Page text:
YOU ARE HERE: LAT HomeCollections


The roar of a superhero kid called El Tigre

March 03, 2007|Robert Lloyd | Times Staff Writer

"El Tigre: The Adventures of Manny Rivera," which premieres this morning on Nickelodeon, is a bright and energetic new cartoon set in a sort of Mexican Townsville called Miracle City, "a spicy cesspool of crime and villainy" located at the foot of a volcano. But it should be said that as bad as things can get in a town with its own Evil Store, things are far worse in the mountain city of Calavera, a place so bad its mascot is a broken leg.

Schoolkid Manny, who becomes the superhero El Tigre with a twirl of his belt buckle, is the son of another superhero, the semi-retired White Pantera, who gains power from his Bronze Boots of Truth, and the grandson of a supervillain, Puma Loco, who possesses a Sombrero of Chaos. Manny carries the genes of both: He's fundamentally good but easily tempted into trouble, sometimes by his best friend, Frida, who has blue hair and poor impulse control.

Created by the husband-and-wife team of Jorge R. Gutierrez and Sandra Equihua, both born and raised in Mexico, this is the latest in what might be called a short line of Latin-themed cartoons, including "Dora the Explorer," "Maya & Miguel," "The Emperor's New School" and "Mucha Lucha," the 2004 Kids' WB series about junior Mexican wrestlers on which Gutierrez and Equihua both worked. If "The Powerpuff Girls" is the godmother of "El Tigre," both conceptually and (in rough terms) visually, the new show has its own look and feel, owing to its setting -- the design is rooted in Mexican folk art; the palette shows more than usual attention to browns, oranges and reds -- and the fact that it's Flash-animated. Originally created for Web-based animations, Flash has turned out to be a friend to the TV cartoon as well, a more than workable compromise between the economic expedience of computer-based animation and the personal mark of old-school drawing. It has a special fluidity and speed and other-worldliness and is used beautifully here in a witty little cartoon with the jolt of a swig of Tabasco.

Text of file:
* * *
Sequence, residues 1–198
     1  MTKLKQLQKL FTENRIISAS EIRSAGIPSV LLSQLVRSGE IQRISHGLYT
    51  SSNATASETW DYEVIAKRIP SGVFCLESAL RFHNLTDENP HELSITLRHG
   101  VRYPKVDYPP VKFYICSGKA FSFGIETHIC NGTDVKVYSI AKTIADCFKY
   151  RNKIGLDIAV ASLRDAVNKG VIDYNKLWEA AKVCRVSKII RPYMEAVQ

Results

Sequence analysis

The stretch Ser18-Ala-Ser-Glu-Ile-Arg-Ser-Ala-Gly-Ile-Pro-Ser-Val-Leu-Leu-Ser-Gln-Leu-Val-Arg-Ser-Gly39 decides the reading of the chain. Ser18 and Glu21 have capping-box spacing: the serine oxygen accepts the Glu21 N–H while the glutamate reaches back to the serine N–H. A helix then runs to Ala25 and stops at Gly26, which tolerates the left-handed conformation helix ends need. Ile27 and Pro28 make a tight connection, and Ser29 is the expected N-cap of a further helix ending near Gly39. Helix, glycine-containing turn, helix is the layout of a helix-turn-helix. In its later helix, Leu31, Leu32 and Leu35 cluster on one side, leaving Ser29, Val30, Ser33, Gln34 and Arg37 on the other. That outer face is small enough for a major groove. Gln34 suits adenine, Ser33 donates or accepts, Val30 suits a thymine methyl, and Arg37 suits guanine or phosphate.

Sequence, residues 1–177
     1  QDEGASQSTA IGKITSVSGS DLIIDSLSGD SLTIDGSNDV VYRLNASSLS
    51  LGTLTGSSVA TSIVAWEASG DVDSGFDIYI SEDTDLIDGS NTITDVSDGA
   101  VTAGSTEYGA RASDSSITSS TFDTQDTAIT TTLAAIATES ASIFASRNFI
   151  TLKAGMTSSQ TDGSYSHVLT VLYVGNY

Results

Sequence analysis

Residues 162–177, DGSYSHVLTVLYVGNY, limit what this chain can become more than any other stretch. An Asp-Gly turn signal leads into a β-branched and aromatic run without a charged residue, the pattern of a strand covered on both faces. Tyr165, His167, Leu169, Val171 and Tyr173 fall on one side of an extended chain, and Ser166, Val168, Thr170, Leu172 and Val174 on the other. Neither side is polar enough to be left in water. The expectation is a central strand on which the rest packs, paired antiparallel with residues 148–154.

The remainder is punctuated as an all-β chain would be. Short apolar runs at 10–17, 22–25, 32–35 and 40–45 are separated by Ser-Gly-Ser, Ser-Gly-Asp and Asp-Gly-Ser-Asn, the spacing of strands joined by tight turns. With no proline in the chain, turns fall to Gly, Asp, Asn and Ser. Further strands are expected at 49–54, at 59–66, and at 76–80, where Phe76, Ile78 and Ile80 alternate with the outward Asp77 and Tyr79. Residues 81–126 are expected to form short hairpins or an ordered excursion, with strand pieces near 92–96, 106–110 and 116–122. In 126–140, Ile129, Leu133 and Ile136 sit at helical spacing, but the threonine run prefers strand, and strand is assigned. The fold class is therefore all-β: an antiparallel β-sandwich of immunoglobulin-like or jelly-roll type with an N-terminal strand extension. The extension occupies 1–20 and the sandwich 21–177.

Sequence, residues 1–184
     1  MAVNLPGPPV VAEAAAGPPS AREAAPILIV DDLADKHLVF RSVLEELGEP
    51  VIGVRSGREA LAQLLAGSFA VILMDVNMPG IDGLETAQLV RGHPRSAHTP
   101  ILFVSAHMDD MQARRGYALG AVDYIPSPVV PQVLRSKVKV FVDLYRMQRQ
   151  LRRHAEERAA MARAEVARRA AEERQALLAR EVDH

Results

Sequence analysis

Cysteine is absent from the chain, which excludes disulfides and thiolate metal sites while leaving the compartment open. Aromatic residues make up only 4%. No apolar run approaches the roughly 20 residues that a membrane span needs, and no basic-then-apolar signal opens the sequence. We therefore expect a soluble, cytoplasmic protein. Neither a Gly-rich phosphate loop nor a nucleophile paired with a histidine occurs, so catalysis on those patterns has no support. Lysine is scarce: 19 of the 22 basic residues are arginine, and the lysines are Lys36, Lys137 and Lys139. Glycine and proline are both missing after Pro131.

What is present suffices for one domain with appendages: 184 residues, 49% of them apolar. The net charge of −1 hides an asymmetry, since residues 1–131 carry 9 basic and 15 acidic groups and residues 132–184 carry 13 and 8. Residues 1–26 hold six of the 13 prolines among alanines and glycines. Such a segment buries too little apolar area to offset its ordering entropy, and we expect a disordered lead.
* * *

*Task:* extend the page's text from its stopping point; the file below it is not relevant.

`El Tigre'

Where: Nickelodeon

When: 10 to 11 a.m.

Rating: TV-Y7-FV (directed to older children, with an advisory for fantasy violence)

Los Angeles Times Articles